15. JaninaG

    JaninaG Junior Member

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    Im not a golfer as was evidence but the amout of times i missed the patty, and when I hit it when it was a duck every time, but did spread the manure around :) LOL
     
  16. Pakanohida

    Pakanohida Junior Member

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    It died where I live via this method.
     
  17. pebble

    pebble Junior Member

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    Location:
    inland Otago, NZ
    Climate:
    Inland maritime/hot/dry/frosty
    How thick was the sheet mulch Pak, and what was the mulch?
     
  18. S.O.P

    S.O.P Moderator

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    Building up soil nutrients will eventually remove the bracken. Slashing the bracken and mulching insitu is recommended by most as the soil balance will eventually right itself. If cattle are running over it and compacting, it may take longer. Depends on where the bracken is and what your goal is, you could fence and establish native legumes and small forest pockets on it if you were so inclined.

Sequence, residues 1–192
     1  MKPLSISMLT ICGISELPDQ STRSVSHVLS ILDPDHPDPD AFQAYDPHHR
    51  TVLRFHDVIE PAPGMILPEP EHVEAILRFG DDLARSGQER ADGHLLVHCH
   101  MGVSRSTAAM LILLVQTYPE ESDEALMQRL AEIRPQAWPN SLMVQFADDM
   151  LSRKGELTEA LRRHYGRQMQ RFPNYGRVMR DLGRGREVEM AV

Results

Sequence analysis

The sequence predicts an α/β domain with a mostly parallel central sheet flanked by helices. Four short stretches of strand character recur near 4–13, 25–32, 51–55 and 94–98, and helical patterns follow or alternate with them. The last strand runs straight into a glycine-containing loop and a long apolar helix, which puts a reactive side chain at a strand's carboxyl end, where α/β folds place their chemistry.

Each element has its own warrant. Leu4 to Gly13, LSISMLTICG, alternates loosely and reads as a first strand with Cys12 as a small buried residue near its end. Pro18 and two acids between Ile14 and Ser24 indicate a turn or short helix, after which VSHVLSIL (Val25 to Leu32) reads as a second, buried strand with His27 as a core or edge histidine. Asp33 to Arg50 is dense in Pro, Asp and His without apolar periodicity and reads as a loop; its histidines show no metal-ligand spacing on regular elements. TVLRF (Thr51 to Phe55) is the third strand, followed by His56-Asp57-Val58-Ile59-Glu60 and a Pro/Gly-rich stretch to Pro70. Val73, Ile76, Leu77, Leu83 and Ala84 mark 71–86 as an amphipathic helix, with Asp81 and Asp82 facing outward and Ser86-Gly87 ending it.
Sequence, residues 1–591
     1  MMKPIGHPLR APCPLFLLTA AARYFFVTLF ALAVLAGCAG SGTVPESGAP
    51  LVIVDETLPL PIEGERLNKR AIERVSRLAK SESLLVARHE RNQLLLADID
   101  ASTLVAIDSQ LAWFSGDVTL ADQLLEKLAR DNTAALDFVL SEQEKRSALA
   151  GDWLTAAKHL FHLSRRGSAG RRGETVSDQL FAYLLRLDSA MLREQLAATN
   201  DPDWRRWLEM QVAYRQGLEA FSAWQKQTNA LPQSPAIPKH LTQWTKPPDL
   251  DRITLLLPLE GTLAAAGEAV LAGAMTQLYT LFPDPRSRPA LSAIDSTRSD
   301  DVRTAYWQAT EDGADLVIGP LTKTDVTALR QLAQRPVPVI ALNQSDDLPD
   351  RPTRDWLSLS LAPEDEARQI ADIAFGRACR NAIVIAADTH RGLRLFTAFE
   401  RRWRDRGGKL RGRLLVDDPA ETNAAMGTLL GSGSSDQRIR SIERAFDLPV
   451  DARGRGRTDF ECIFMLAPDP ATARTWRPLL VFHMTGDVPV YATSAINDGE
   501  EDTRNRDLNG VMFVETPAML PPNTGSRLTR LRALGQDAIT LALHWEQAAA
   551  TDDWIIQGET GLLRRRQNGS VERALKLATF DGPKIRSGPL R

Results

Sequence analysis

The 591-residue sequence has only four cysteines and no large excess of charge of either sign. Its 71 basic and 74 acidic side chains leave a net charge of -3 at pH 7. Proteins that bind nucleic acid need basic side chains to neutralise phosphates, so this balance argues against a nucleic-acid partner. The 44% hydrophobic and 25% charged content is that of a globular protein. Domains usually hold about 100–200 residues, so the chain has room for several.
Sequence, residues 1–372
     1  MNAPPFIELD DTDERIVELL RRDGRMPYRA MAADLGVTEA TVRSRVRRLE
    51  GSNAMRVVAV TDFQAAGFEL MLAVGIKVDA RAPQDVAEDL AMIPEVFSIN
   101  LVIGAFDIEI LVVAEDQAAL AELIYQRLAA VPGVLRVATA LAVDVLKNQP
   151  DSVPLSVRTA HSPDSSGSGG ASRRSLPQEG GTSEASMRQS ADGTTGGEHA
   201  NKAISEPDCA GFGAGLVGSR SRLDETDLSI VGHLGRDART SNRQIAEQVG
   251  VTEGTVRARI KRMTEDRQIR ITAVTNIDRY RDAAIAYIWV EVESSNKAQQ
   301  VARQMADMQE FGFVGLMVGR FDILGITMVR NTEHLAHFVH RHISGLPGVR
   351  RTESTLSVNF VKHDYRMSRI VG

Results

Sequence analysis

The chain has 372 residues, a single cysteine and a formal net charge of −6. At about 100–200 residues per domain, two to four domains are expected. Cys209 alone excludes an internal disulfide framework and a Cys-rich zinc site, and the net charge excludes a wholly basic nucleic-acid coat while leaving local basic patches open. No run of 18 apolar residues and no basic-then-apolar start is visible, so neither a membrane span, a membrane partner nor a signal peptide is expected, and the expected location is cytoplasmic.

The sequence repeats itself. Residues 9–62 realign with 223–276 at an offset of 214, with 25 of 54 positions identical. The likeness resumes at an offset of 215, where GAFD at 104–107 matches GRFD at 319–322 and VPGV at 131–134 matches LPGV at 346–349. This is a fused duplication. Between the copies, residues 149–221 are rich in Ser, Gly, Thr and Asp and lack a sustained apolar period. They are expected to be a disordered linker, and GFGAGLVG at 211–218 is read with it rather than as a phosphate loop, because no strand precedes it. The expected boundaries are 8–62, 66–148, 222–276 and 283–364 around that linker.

I've posted in your intro thread and if you can meet Graeme Elphinstone, he is the go-to pasture man out that way. He is not a permaculturalist so you need to adapt the advice.
     
  19. mike

    mike Junior Member

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    Hi Shell,Repeated slashing and by that I mean slashing or mowing whenever it gets to about a foot high will eventually kill it as those new fronds feed the root structure.I wouldn't put anything on top of it until I was certain it had died out.Bracken fern can push through any mulch and then your just feeding it. You can use a chemical wick wiper system with the brand name brush on which is very effective as your not spraying the soil as the chemical is taken down to the root system by the fern on top.Hope this has been of some assistance .Regards Mike.
     
  20. Pakanohida

    Pakanohida Junior Member

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    1/2" of cardboard followed by 6" of straw.